As losses have continued to pile up at Sears Holdings (NASDAQOTH:SHLDQ) in recent years, the storied retailer has been selling off its most valuable assets in an effort to stay afloat. Earlier this year, Sears announced that it would consider selling its popular Kenmore, Craftsman, and DieHard brands to raise cash. It also may sell the Sears Home Services installation and repair business.
It looks like the Craftsman tool brand may be the first to go. A handful of suitors appear to be interested in buying the Craftsman business for about $2 billion. Such a cash infusion would allow Sears to survive for the next year or two -- but in the long run, it won't help the company avoid bankruptcy and liquidation.
Sears is raising cash as fast as it can
In the past four years, Sears Holdings has raised an impressive $5.8 billion from monetizing a variety of assets. Real estate sales have been the most important source of cash, but the company also squeezed out more than $1 billion combined from Sears Hometown and Outlet Stores, Lands' End, and Sears Canada before spinning them off.
However, while Sears Chairman and CEO Eddie Lampert has repeatedly pulled money out of a hat with these tricks, it hasn't kept Sears stock afloat. Instead, the stock has fallen steadily as free cash flow has moved deeper and deeper into negative territory.
This reflects the fact that Sears' core retail business is burning cash at an alarming rate. Indeed, Fitch Ratings estimated that Sears will burn $1.6 billion to $1.8 billion in cash this year, not including any asset sales. Thus, selling Craftsman would provide enough cash to keep Sears in business for an extra year, but not much more than that.
Sears can't be salvaged
For Sears Holdings stock to be worth anything, the company needs to stop burning cash so that it can return the cash generated by asset sales to shareholders rather than using it to fund losses. Unfortunately, Sears has no path to breakeven.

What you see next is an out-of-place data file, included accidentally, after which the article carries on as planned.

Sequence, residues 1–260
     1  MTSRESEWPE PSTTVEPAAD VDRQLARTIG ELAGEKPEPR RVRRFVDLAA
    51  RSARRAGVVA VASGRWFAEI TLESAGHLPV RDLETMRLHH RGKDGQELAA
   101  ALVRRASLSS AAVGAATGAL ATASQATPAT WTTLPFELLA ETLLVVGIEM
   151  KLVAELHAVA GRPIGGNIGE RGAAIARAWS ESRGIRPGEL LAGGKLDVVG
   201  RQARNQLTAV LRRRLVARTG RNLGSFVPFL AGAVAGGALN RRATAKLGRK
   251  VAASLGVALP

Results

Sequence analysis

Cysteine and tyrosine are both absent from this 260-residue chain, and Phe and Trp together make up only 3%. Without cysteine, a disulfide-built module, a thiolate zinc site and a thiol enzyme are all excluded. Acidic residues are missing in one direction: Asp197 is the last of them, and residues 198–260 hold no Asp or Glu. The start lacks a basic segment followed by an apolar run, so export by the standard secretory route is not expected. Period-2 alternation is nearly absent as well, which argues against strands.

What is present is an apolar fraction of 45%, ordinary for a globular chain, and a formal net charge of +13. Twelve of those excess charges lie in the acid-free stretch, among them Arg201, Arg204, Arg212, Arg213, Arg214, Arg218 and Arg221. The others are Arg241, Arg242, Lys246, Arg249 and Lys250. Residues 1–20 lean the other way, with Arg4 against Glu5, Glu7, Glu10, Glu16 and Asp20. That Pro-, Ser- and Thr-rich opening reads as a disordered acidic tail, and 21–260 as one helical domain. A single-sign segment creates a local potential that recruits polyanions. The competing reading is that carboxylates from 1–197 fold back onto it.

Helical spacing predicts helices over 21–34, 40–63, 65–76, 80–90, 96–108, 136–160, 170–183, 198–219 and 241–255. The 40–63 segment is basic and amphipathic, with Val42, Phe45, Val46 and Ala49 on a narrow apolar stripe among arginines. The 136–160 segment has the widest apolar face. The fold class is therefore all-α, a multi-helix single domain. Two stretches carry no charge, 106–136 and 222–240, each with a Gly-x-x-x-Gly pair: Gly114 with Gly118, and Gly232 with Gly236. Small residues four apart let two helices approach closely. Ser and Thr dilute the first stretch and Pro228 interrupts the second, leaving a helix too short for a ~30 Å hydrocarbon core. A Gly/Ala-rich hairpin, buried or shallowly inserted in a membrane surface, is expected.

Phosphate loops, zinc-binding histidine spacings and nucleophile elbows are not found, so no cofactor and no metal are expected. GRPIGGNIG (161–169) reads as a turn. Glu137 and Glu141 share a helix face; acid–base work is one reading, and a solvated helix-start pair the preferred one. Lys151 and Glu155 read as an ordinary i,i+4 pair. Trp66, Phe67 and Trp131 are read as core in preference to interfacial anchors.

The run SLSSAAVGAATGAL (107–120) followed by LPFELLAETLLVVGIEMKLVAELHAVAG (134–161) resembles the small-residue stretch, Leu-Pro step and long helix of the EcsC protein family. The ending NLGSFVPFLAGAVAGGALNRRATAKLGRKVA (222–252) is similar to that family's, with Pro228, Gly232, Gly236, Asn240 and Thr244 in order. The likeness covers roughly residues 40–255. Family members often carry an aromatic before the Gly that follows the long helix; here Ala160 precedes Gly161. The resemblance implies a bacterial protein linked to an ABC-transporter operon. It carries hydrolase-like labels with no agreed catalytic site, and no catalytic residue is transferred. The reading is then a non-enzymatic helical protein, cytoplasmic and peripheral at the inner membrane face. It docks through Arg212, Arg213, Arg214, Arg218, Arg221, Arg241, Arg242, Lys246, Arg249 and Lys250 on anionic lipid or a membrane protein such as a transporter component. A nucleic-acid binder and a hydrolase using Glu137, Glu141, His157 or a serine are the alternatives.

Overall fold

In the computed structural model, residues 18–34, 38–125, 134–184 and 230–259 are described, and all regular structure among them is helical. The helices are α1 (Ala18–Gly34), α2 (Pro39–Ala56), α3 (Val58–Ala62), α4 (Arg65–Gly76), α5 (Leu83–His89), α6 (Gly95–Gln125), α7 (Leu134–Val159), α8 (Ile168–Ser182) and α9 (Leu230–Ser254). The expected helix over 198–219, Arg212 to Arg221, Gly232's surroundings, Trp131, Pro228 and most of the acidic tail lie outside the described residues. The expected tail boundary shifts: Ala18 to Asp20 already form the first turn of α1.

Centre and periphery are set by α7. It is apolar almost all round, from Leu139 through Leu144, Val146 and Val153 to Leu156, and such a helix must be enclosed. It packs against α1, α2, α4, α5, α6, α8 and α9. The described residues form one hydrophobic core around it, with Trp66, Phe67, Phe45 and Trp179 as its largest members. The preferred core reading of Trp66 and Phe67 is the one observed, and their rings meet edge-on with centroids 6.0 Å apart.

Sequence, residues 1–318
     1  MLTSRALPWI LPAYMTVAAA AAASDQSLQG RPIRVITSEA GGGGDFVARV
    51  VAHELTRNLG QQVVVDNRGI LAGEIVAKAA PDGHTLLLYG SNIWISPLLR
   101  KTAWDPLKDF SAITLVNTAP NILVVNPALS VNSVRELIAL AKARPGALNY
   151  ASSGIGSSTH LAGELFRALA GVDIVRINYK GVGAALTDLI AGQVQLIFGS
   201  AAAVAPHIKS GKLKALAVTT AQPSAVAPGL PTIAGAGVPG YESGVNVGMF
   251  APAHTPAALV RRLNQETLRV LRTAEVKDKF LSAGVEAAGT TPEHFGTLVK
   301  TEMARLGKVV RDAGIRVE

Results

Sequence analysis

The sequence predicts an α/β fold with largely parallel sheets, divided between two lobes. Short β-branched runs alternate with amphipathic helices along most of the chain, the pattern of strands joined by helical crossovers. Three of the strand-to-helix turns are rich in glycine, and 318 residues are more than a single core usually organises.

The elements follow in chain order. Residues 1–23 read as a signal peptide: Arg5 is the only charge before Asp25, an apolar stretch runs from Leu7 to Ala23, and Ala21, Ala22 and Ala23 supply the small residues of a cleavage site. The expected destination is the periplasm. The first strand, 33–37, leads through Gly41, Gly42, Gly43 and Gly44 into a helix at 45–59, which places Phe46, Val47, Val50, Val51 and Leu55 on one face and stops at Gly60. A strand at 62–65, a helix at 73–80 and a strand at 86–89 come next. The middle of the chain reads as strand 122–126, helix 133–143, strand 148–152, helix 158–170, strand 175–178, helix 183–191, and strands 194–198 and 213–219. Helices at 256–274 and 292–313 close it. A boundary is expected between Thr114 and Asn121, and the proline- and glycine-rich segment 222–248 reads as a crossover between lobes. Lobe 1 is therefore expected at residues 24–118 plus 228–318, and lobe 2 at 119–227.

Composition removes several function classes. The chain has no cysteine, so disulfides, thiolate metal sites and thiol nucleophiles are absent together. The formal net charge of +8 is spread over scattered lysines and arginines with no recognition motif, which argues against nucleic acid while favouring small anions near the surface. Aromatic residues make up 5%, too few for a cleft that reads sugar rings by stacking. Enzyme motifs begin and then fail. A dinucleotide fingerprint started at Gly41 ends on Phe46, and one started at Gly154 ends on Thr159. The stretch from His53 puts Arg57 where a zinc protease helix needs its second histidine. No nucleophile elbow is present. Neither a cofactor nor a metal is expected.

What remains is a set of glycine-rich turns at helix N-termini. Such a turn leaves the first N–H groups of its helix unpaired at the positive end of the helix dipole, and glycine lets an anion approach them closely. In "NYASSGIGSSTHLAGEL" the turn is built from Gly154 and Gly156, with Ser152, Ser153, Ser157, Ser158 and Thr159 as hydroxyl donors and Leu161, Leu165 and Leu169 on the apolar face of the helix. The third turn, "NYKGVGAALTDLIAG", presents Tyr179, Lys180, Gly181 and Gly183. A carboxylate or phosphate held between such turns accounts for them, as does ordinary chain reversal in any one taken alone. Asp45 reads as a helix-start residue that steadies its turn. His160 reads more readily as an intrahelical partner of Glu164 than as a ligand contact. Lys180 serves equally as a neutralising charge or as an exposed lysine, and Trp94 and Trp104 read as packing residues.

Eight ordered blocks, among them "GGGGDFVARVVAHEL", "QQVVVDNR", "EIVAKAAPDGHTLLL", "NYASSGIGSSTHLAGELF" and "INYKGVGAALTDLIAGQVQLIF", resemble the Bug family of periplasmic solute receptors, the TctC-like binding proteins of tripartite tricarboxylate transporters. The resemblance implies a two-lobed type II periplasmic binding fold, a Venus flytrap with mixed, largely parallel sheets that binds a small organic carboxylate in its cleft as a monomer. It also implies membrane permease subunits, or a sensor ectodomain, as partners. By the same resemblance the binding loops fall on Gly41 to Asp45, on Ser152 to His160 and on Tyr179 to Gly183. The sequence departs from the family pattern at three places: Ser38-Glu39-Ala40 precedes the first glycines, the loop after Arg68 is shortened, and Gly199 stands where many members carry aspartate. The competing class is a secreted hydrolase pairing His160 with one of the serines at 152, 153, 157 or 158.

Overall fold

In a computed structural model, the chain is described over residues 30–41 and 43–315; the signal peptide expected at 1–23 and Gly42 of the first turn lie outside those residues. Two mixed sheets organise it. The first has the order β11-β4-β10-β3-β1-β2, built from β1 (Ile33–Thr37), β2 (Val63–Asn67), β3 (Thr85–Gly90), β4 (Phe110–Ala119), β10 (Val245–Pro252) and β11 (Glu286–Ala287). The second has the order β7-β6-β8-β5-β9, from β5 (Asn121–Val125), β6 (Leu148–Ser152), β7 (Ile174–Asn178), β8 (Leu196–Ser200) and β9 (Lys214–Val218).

So far, the company's main strategy has been to close lots of stores. Closing stores en masse ought to drive more traffic to the remaining stores, but Sears has still reported a long string of comparable-store sales declines. That means it is quickly losing whatever relevance it still had a few years ago.
For example, appliances were one of Sears' last bastions of dominance. As recently as 2013, Sears held 28% of the U.S. appliance market, according to a Credit Suisse analysis -- nearly as much as Lowe's (NYSE:LOW) and Home Depot (NYSE:HD) combined.
By 2015, Sears had already fallen behind both home improvement giants in the appliance market. It lost $1 billion in appliance revenue in 2015 alone, while Lowe's and Home Depot both registered double-digit gains.
Sears' appliance sales have continued to sink at a rapid rate in 2016, further undermining the company's efforts to reduce its losses.
Selling off top brands will make Sears even less relevant
Sears' private-label appliance and hardware brands -- Kenmore, Craftsman, and DieHard -- are some of the only things still drawing customers to Sears (and to a lesser extent, Kmart) stores. Right now, these popular brands are available only at Sears, Kmart, and a handful of other retailers (mainly former Sears subsidiaries).
However, any acquirer is going to want to distribute these brands more widely. That's the only way to make them growth businesses, in light of Sears' downward spiral. This means Craftsman tools could soon hit the shelves at Lowe's and Home Depot. Kenmore appliances and DieHard batteries might not be far behind.
If these brands show up at retailers like Lowe's and Home Depot that already have strong customer traffic, there won't be much reason for shoppers to make an extra stop at Sears. Selling off Craftsman and other key brands might provide enough cash to let Sears soldier on for a few more years -- while making it all the more certain that Sears will eventually collapse.
Adam Levine-Weinberg has no position in any stocks mentioned. The Motley Fool recommends Home Depot. Try any of our Foolish newsletter services free for 30 days. We Fools may not all hold the same opinions, but we all believe that considering a diverse range of insights makes us better investors. The Motley Fool has a disclosure policy.